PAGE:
He’s got a street, a school, a neighborhood, a park and even a tunnel named after him, but what do you really know about Thomas Lowry?
Born in 1843, Thomas Lowry grew up on an Illinois farm. Shortly after earning a law degree, and enamored by the expanding Northwest Territory, he moved his practice to Minneapolis — a blossoming metropolis. Just a few years earlier Minneapolis became the seat of Hennepin County with a population of only a few hundred people. Flour mills and other industries flourished along the river at St. Anthony Falls and our population increased to 165,000 by 1890. People needed homes and they needed to be able to get to their jobs.
With a group of investors, Lowry formed the Minneapolis Street Railway Company in 1873. Fourteen passengers faced one another on a wooden car pulled on rails by a horse. A wood stove kept passengers warm in winter. The initial four miles of track soon doubled, then tripled, and within a dozen successful years, the company took over St. Paul’s fledging system and reorganized into the Twin Cities Rapid Transit Company.
The first electric cars appeared in 1889. Heavier rails were installed stretching more than 300 miles — all the way from Lake Minnetonka to White Bear Lake. Imagine getting on a streetcar Downtown and riding all the way to Wayzata then hopping one of six streetcar boats to spend the day on Lake Minnetonka’s Big Island Park! It was fun in addition to being an efficient way to get to and from work.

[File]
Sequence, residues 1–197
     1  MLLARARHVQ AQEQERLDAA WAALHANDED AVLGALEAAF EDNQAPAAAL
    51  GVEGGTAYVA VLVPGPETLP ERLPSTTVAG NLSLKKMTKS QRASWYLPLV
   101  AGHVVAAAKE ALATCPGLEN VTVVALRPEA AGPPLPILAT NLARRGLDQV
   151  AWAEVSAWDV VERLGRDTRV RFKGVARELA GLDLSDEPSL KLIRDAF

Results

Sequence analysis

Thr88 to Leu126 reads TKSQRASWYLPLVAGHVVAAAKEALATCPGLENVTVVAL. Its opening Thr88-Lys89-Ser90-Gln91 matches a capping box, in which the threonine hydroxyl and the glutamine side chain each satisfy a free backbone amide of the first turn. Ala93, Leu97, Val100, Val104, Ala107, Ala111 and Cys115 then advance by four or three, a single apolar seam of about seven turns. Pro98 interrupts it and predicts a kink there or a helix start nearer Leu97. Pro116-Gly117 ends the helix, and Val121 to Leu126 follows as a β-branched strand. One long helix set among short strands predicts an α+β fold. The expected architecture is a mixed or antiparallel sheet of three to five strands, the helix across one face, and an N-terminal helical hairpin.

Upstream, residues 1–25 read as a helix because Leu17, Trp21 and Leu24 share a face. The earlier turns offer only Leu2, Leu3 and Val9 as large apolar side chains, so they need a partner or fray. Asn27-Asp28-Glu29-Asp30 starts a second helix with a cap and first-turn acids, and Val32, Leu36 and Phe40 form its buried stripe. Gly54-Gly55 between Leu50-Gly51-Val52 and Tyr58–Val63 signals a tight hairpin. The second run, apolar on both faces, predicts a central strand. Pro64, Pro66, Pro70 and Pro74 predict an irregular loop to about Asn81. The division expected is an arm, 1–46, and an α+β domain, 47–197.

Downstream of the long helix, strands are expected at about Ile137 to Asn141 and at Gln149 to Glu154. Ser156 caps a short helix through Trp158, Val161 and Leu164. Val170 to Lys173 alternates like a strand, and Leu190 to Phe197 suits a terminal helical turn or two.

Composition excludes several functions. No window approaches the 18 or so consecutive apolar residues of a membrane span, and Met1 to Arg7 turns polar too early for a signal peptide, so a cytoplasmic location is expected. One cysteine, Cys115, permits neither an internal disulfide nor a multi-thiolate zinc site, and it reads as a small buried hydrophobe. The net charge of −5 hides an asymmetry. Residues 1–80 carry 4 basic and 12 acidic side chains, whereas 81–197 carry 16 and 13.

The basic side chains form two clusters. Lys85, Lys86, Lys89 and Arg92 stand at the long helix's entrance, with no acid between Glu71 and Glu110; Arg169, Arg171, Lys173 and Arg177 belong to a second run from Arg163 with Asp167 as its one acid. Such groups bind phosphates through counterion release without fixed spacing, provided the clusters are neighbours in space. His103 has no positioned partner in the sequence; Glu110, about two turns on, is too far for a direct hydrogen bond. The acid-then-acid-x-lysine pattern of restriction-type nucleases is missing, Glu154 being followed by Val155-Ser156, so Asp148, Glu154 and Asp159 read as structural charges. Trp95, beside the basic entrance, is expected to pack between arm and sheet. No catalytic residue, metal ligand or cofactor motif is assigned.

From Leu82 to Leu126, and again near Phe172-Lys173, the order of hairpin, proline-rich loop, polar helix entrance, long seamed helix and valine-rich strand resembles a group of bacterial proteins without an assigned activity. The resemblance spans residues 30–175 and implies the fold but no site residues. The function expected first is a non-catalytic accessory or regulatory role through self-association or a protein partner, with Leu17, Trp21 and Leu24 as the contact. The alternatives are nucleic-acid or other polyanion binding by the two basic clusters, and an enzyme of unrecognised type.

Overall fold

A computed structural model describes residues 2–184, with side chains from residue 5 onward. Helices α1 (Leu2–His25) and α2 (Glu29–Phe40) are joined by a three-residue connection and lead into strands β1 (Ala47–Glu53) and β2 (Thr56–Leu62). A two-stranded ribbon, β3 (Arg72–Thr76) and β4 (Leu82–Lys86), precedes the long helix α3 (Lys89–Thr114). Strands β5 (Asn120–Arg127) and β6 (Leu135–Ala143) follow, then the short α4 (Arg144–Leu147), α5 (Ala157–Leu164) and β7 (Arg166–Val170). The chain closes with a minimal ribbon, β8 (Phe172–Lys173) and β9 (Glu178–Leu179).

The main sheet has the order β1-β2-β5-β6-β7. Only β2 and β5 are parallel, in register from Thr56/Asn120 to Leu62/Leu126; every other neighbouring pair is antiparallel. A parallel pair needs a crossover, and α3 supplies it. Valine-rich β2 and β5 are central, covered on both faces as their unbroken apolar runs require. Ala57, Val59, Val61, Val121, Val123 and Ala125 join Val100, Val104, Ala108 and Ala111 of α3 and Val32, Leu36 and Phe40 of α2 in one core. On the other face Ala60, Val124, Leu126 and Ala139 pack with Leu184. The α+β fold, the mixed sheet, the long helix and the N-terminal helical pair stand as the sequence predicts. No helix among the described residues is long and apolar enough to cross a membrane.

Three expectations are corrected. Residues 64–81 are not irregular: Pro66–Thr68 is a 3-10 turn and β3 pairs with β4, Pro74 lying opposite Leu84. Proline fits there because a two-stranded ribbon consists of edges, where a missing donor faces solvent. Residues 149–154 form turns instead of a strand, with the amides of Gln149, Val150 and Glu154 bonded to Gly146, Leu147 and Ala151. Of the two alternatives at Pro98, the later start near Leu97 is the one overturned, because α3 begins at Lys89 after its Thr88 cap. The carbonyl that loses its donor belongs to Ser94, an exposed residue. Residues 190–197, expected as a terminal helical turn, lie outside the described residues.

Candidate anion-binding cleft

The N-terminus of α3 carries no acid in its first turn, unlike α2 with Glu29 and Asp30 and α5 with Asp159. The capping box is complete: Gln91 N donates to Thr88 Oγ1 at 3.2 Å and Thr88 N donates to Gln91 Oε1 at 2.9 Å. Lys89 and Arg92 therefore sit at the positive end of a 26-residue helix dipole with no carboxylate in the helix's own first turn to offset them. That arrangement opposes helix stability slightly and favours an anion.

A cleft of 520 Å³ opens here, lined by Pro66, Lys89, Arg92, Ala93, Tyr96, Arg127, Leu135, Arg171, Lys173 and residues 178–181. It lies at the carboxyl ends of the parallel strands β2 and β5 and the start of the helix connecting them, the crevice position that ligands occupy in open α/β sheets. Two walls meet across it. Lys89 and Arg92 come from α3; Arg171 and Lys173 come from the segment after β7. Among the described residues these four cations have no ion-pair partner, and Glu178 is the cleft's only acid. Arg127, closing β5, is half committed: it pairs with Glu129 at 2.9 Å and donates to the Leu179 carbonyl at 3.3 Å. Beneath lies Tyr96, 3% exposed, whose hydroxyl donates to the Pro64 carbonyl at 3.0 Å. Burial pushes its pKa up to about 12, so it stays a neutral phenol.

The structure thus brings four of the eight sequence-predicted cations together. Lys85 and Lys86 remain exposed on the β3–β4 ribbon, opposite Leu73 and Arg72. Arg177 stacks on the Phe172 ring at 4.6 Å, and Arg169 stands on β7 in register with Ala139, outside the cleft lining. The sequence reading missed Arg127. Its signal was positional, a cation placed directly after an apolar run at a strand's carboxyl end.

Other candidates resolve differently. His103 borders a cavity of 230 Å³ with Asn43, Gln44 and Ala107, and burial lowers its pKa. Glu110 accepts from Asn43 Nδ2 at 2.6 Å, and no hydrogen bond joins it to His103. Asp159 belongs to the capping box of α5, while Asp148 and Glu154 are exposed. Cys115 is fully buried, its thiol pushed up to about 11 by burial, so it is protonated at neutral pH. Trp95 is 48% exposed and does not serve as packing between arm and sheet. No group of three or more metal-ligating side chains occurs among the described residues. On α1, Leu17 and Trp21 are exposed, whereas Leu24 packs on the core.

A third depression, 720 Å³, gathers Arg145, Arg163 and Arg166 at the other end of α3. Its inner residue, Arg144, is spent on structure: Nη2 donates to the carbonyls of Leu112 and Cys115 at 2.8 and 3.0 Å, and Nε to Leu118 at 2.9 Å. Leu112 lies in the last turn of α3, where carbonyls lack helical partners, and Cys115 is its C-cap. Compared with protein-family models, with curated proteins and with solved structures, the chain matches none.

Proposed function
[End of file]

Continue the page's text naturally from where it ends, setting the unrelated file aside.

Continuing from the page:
Twin Cities Rapid Transit Company carried more than 200 million passengers in 1922 — their best year. It was considered one of the greatest interurban systems in the United States.
If only we could have kept it intact. More people were moving to Minnesota, the suburbs were growing in every direction, and then came the automobile. People wanted to get there on their own. They wanted independence. Streetcar use declined for years. In 1952 the last tracks were removed or covered up and Twin Cities Rapid Transit Company remained in business with gasoline powered busses and evolved into today’s Metro Transit.
Thomas Lowry lived through the greatest days of streetcar life in Minneapolis. His home was where the Walker Art Center is today. Route 1 traveled past his house onto Douglas Avenue. A park on Douglas and Mount Curve Avenues is named after him. Lowry died in Minneapolis in 1909. What would he think of light rail today?!
A private group of citizens raised funds to create a tribute to Minneapolis’s father of transportation. Designed by sculptor Karl Bittner, the memorial features a bronze statue of Lowry in front of a carved granite backdrop. Two allegorical figures on either side ponder civic life. The small park has trees and flowers, decorative light posts and numerous park benches. But the memorial wasn’t always located in Smith Triangle. When it was dedicated in 1915 it was on a piece of land near Lowry’s home. When I-94 cut through town in 1967 the memorial was moved.
Visit one of the city’s smallest parks and ponder our history of transportation. If you need a way to get there, take a very popular lime green, Nice Ride bike — there’s a rental station right next to the memorial. Lowry would be proud.
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